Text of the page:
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David Boaz: Champion of Educational Freedom

Neal McCluskey

I worked with David Boaz for more than twenty years—indeed, for several years he was my direct boss. Like perhaps everyone who has known and worked with David, I was somewhat in awe of him throughout that time, struck by the immense dedication with which he undertook the work of advancing liberty, and his seemingly limitless knowledge of policy and politics. But his knowledge of my policy area was particularly deep because David was a champion of educational freedom well before I—or the Center for Educational Freedom—existed at Cato.

In 1991, Cato published David’s book Liberating Schools: Education in the Inner City, which made the case for school choice—money following children to chosen schools instead of going directly to government institutions—as the key to delivering better education for inner‐​city families. This was published just as modern school choice was beginning with the Milwaukee voucher program.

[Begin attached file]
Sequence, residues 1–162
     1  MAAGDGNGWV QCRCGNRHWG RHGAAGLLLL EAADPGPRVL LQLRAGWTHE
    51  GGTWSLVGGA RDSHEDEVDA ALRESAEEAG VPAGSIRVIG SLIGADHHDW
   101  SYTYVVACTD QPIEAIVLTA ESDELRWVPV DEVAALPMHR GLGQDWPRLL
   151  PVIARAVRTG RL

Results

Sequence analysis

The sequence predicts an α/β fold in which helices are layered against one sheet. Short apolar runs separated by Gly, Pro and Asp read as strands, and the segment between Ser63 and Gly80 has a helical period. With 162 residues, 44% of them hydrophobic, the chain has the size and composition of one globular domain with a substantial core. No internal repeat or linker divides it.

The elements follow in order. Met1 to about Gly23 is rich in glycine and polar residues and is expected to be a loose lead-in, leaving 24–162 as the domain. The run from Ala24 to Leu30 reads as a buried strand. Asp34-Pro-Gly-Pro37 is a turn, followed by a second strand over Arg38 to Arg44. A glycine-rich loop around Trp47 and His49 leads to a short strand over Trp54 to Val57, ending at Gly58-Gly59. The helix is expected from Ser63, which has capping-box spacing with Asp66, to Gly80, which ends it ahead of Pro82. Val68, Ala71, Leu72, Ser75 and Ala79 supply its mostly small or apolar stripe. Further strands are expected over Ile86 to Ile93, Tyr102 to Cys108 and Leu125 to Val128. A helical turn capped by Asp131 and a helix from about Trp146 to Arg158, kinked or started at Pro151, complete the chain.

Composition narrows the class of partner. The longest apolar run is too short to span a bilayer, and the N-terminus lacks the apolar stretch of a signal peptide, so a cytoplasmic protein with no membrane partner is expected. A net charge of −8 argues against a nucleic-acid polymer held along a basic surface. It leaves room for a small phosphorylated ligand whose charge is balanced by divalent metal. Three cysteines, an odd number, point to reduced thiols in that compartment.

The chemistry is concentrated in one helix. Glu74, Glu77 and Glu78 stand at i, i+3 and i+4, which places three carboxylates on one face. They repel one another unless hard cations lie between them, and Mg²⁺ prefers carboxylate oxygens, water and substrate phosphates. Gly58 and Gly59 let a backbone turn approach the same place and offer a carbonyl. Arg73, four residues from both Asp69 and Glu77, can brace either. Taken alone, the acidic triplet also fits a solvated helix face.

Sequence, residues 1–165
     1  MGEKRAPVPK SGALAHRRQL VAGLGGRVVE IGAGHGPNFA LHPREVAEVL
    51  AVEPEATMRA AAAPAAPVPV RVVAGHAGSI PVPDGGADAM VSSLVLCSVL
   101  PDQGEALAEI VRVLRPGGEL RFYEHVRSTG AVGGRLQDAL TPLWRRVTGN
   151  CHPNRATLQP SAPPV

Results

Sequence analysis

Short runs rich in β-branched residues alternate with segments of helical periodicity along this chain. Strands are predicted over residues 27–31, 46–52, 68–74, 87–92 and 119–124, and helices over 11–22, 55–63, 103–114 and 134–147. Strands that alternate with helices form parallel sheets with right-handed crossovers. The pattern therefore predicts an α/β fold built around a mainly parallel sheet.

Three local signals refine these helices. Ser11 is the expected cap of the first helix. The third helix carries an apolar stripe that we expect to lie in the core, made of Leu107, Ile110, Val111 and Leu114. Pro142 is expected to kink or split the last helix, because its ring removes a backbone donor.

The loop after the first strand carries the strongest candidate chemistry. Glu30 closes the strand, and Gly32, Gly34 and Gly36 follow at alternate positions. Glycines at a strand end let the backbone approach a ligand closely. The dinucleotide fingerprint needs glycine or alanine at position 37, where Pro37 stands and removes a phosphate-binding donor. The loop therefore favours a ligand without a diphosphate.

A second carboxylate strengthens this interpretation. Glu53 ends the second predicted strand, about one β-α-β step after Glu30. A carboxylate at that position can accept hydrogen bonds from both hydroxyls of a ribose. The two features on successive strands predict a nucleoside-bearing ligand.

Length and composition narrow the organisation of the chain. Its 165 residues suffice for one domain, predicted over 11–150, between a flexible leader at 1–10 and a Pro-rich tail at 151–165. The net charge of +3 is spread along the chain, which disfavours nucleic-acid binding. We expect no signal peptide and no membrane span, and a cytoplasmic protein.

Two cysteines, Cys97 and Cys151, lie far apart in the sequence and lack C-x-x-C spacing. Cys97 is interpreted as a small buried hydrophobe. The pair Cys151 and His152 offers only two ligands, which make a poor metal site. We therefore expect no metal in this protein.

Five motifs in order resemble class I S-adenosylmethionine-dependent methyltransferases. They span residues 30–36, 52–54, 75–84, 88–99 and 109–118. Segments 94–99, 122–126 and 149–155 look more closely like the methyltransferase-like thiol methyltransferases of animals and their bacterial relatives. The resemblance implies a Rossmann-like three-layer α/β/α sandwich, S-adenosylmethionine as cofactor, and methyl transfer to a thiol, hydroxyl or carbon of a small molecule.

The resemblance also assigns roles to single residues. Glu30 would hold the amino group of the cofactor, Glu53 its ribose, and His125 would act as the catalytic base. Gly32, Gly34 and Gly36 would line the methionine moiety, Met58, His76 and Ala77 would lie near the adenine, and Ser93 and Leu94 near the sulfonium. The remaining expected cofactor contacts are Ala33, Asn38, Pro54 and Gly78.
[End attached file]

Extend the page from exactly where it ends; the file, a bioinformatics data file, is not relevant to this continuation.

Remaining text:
Liberating Schools book cover

David also tackled two choice arguments that are crucial but too often overlooked.

He co‐​wrote a Briefing Paper in 1996 pointing out that, contra what many reporters and others think when they hear “private school,” most private institutions are not “Dalton, Andover, and Exeter,” with sky‐​high tuition that no voucher would likely ever meet. Private schooling consists, instead, largely of schools with tuition appreciably below what public schools spend per student, and hence readily affordable by just sharing the money. Also in 1996, David enunciated the power of choice to end the constant battles we see in public schools over everything from math curricula to books in school libraries. As he wrote:

The way out of this problem is to give parents more control over their children’s education. School choice is usually promoted as a way to improve education–which it is–but just as important, it would allow parents to choose schools that fit their values and preferences.

Allowing people to choose what they think is right—not government deciding for everyone—is the essence of liberty. Consistent with his lifetime work, David Boaz made that clear in education long before many of us had written our first word.

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